Diabetes – What is Diabetes?
Diabetes is a serious condition that is affecting millions of people each year. It occurs when your body doesn’t produce enough insulin, or when it isn’t able to use the insulin it does have effectively.
The good news is that it is curable and can be prevented or delayed with diet, exercise and medication. It’s important to be aware of the symptoms so you can tell whether something is wrong and get treatment.
What is diabetes?
Diabetes is a chronic health condition (long-lasting), which affects the way your body converts food into energy. It occurs when the pancreas isn’t producing enough insulin or doesn’t utilize it as efficiently as it should.
Insulin is the hormone that aids your body absorb and use glucose, also known as sugar. Type 2 diabetics do not produce enough insulin, or their bodies are unable to use it correctly.
The blood sugar levels increase as time passes in both types of diabetes. This can cause issues with your feet, eyes and kidneys. It could also cause damage to coronary arteries and brain.
Type 1 diabetes
Type 1 diabetes is a disease caused by an autoimmune reaction which means that your immune system attacks the insulin-producing pancreatic cells and destroys them. This process can last for months or even years and eventually lead to a complete lack of insulin.
People suffering from type 1 diabetes require insulin every day. They must also monitor their blood glucose levels and adjust their insulin, food and activity levels in order to keep their blood glucose within a healthy range.
Type 2 diabetes
If you have type 2 diabetes your body may not use insulin the way it should. Insulin is a hormonal substance that aids in the movement of glucose (blood sugar) from your blood into your cells which can then be utilized to generate energy.
Type 2 diabetics should exercise and adhere to a healthy diet. They may also need to take medication to manage their blood glucose levels.
The signs of diabetes in women
It is a chronic illness that affects people from all races, ethnicities, and genders. However, women are at a greater risk than men.
Women with diabetes have a greater likelihood of developing complications than men, including heart disease (the most common diabetes complication) and loss of vision.
Polydipsia is a sign of warning for diabetes in women. This is because diabetes can create excess sugar in your bloodstream and your kidneys are not able to remove it.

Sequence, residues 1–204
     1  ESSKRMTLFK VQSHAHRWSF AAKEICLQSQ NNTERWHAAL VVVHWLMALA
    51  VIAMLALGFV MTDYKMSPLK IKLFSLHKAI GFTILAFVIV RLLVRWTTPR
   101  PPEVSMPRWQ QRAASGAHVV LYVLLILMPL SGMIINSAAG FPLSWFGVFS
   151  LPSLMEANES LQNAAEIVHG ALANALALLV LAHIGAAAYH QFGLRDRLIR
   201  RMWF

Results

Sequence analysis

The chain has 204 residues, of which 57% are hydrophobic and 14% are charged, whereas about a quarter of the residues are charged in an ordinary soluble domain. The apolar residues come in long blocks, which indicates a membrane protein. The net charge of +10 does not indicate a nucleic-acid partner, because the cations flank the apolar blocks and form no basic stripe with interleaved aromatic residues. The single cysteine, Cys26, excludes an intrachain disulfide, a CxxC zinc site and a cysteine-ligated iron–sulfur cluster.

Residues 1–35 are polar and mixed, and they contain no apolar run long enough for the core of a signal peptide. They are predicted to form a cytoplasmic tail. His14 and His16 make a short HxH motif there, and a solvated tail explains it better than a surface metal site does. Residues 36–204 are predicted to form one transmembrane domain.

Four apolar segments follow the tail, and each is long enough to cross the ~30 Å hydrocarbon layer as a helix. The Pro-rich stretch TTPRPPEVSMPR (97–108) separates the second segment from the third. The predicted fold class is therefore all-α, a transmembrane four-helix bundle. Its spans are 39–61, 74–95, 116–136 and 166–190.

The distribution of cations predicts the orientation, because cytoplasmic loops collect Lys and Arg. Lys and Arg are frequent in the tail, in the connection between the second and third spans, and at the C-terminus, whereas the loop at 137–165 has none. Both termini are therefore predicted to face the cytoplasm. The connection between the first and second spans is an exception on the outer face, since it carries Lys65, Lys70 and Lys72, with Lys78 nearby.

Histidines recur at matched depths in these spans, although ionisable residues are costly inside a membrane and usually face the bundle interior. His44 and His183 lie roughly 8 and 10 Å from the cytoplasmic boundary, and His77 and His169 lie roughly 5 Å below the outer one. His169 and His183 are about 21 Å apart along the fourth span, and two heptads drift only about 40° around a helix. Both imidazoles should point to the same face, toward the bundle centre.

Men who suffer from diabetes show signs
In the case of diabetes, cells are unable to use blood sugar (glucose) to produce energy. This is typically due to the fact that the pancreas does not produce enough insulin.
This can result in high blood glucose levels. The body then attempts to lower these levels by flushing the excess glucose in your bloodstream via urine.
Patients with diabetes are usually thirsty and require to drink plenty of fluids.
Men may also experience weight loss as their bodies break down muscle to make energy instead of fat. This is due to the fact that the blood sugar level stays high for long periods of time.
A healthy diet for diabetes is a crucial aspect of managing your diabetes. It can help manage blood sugar levels control weight and reduce the risk factors that can lead to heart disease.
Your diet should consist of a wide range of whole foods, including fruits, whole grains, vegetables, beans and low-fat dairy. It should also be low in saturated (unhealthy) fat and added sugars.
You may consider limiting your consumption of drinks that are sweetened with sugar. These drinks are often packed with sugar which can cause blood sugar levels to increase.
Your doctor may prescribe diabetes medications to help keep your blood sugar (glucose) levels within an acceptable range. These medications are often combined with changes to your lifestyle, such as physical activity and diet, to help manage the condition.
If your blood sugar is not being adequately controlled with one medication, you might need to take a different medication. Your doctor will assist you to pick the best medication for your specific needs and preferences.
Newer medications such as glucagon-like receptor antagonists for peptide-1 and sodium-glucose inhibitors that lower blood sugar, have kidney and cardiovascular benefits, and lower the risk of complications. They are also useful for weight loss, and are available in tablets and injections.